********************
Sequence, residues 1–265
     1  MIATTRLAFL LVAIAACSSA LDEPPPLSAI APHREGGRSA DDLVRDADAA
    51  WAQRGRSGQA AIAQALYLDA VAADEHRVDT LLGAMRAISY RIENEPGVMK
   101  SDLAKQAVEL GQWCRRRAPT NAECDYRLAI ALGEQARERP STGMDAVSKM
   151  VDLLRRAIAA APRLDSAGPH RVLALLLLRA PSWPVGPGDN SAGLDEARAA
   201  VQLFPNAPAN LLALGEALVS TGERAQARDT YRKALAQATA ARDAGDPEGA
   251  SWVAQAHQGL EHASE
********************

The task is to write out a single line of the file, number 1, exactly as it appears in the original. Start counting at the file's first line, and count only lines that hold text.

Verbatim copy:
Sequence, residues 1–265